Meanwhile, in spite of the dubious honour of being a music pilfering hot spot we *still* have more Record Shops than any other region outside London, so do go and check them out and those of you with more discerning tastes will find something worth a listen. The choice in a shop may be limited, but maybe, as Ed proves, limitless choice isn’t all it’s cracked up to be.
Now then, we’ve got another new shop for you, this one’s especially for you Punk, metal and hardcore fans who like their music free of any artificial ingredients, venture up to 88 Oldham Street and check out V Revolution.
They also sell tapes, zines, posters, t-shirts and even Vegan food and snacks (although non-vegans are of course welcome to browse and hang out).
Full details, pics and our man Carl’s review here.
For a vinyl digger in Manchester there are many rainy day refuges. Step in, shake down, let the fingers unfurl and happy land awaits. It was on such a trip recently that I put together the final piece in an interesting puzzle. The vinyl sleuth solves his first case (and yes I got the girl as well!).
Those of you up to your elbows in digging culture may well have recently snapped up an interesting vinyl and CD artefact of Manchester’s 60s beat bands who never got beyond the A6. Rainy City Blues; Rare and Unreleased Tracks from Manchester’s Beat Groups is a fine collection of our city’s legacy and the people and players at the heart of the Twisted Wheel and Cona Cafe scene. Bands include Big City Blues, The Stylos, St Louis Union, The Measles and The Toggery Five to name a few. Released on Jungfrau records I recommend you grab your copy now and settle down for an evening of espresso and brown ale grooves that, at their best, stand up to some of the classic beat tracks.
So, the mystery?. Well, I came across this comp a while ago and my immediate thought was, who put this fine collection together?. On that appropriately rainy afternoon in Manchester, digging in Vinyl Revival, the answer was revealed. Colin, mine host at Vinyl Revival and all round Überdigger (close to developing six fingers I think) is the man behind this release. So its hats off to Colin and let’s hope his six fingers and double jointed elbows reveal some more gems in this series.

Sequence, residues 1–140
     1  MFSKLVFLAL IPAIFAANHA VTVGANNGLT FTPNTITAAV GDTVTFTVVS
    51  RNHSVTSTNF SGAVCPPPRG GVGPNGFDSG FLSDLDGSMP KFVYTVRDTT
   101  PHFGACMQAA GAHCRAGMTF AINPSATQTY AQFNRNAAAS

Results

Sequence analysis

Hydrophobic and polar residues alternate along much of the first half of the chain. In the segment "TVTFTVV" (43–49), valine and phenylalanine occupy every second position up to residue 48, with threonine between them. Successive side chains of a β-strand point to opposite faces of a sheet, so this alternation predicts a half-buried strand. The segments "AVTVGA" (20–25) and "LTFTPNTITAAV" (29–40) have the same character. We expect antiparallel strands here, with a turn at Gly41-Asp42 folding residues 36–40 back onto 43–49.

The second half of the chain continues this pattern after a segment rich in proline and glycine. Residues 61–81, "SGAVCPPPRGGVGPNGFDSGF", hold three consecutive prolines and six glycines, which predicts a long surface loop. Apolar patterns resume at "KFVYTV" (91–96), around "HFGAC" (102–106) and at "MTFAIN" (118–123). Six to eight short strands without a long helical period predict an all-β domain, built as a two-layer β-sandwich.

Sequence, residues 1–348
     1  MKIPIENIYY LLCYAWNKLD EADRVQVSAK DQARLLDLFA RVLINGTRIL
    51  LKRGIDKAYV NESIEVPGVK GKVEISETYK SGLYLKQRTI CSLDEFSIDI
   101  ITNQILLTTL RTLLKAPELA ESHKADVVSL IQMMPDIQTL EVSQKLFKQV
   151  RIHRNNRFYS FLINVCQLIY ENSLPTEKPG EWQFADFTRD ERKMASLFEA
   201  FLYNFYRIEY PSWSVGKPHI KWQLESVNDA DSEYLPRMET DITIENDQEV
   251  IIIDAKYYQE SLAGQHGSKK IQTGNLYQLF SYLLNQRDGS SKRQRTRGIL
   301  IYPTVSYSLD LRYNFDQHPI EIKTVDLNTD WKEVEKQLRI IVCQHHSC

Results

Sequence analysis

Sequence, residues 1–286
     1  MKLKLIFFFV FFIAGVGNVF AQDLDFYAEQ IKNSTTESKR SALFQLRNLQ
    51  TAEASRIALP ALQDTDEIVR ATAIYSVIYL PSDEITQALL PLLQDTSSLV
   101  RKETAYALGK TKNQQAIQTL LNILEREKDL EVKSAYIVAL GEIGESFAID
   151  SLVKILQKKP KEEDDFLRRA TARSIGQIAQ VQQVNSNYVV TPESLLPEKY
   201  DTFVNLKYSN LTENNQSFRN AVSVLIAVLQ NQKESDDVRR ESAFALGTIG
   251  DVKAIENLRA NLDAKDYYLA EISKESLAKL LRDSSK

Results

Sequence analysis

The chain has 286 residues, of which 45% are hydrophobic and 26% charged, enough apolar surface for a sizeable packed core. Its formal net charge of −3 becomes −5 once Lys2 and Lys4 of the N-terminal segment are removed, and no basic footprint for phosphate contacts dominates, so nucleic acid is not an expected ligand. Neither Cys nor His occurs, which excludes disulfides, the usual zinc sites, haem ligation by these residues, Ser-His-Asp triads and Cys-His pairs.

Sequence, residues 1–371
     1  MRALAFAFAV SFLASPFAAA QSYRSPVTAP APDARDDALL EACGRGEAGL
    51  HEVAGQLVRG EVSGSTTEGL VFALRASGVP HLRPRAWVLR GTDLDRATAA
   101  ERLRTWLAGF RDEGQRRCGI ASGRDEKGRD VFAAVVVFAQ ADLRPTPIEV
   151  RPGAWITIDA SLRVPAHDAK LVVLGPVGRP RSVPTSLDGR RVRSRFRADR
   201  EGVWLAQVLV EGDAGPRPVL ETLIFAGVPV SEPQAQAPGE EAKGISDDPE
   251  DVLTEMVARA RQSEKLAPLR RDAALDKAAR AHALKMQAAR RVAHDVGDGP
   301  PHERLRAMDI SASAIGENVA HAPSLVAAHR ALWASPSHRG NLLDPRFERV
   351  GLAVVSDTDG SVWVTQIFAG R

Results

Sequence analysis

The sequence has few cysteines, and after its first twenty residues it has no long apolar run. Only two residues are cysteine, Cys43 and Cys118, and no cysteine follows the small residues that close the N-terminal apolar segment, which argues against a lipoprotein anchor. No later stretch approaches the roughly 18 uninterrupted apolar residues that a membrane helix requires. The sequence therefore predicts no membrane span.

Rainy City Blues is available now from all good record shops in the Manchester area. Vinyl Revival is on Hilton Street, it has groaning racks and is open on rainy days!
well not quite, but we did send our man Carl to check out the shops over Wigan way. Unfortunately he didn’t stop, carried on past Southport and ended up in…er..Delaware. Anyway, Carl texted in this missive from his crate digging travels. There may be more of this to come.
Post Punk icons rarely make an appearance in my holiday travels. I have of course ridden the big wheel at Blackpool with Lydia Lunch but that was the result of too much sun and a bad pint. So here I am in the States digging in a gift shop’s back room and wondering why this place has so much vinyl and good stuff as well , when its suddenly made clear to me; the owner introduces himself as Mr Steve Fallon the legendary proprietor of Maxwell’s in New Jersey.
To those of you with angular, discordant knowledge, this genial man and his venue were the f*cked up heart of US East Coast post Punk and Indie…Pere Ubu, Sonic Youth, Yo La Tengo and of course The Feelies all did there thing at Maxwell’s as did Kurt and the gang. Steve also ran the Coyote label…go and dig their full on Indie frenzy back catalogue. So, Steve, thanks for a great afternoon you made a middle aged Mancunian very happy.
I left with The Trypes ‘Music for Neighbours’ LP under my arm, superb psych folk, and another great connection made in a *real* shop and not communicated through ones and zeros! Steve’s gift shop and back room record shop, Gidget’s Gadgets
, is in Rehoboth Beach, Delaware.